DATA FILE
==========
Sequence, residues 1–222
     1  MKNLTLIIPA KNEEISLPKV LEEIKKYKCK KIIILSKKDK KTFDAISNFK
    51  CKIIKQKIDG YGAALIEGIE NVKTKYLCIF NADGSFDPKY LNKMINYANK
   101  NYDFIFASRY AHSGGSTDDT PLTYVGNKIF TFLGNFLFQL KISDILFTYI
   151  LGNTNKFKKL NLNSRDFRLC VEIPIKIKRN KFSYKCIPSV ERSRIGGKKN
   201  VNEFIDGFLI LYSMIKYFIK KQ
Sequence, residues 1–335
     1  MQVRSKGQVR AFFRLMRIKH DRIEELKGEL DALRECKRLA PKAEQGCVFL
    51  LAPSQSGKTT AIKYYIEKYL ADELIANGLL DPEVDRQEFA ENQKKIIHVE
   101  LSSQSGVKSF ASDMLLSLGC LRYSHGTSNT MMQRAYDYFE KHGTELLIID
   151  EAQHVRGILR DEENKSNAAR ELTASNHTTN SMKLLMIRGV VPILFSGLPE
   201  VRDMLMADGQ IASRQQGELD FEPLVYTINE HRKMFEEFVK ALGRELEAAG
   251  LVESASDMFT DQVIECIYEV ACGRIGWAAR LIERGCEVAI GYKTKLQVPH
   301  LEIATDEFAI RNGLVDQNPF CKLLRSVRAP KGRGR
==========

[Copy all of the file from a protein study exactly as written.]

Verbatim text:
Sequence, residues 1–222
     1  MKNLTLIIPA KNEEISLPKV LEEIKKYKCK KIIILSKKDK KTFDAISNFK
    51  CKIIKQKIDG YGAALIEGIE NVKTKYLCIF NADGSFDPKY LNKMINYANK
   101  NYDFIFASRY AHSGGSTDDT PLTYVGNKIF TFLGNFLFQL KISDILFTYI
   151  LGNTNKFKKL NLNSRDFRLC VEIPIKIKRN KFSYKCIPSV ERSRIGGKKN
   201  VNEFIDGFLI LYSMIKYFIK KQ
Sequence, residues 1–335
     1  MQVRSKGQVR AFFRLMRIKH DRIEELKGEL DALRECKRLA PKAEQGCVFL
    51  LAPSQSGKTT AIKYYIEKYL ADELIANGLL DPEVDRQEFA ENQKKIIHVE
   101  LSSQSGVKSF ASDMLLSLGC LRYSHGTSNT MMQRAYDYFE KHGTELLIID
   151  EAQHVRGILR DEENKSNAAR ELTASNHTTN SMKLLMIRGV VPILFSGLPE
   201  VRDMLMADGQ IASRQQGELD FEPLVYTINE HRKMFEEFVK ALGRELEAAG
   251  LVESASDMFT DQVIECIYEV ACGRIGWAAR LIERGCEVAI GYKTKLQVPH
   301  LEIATDEFAI RNGLVDQNPF CKLLRSVRAP KGRGR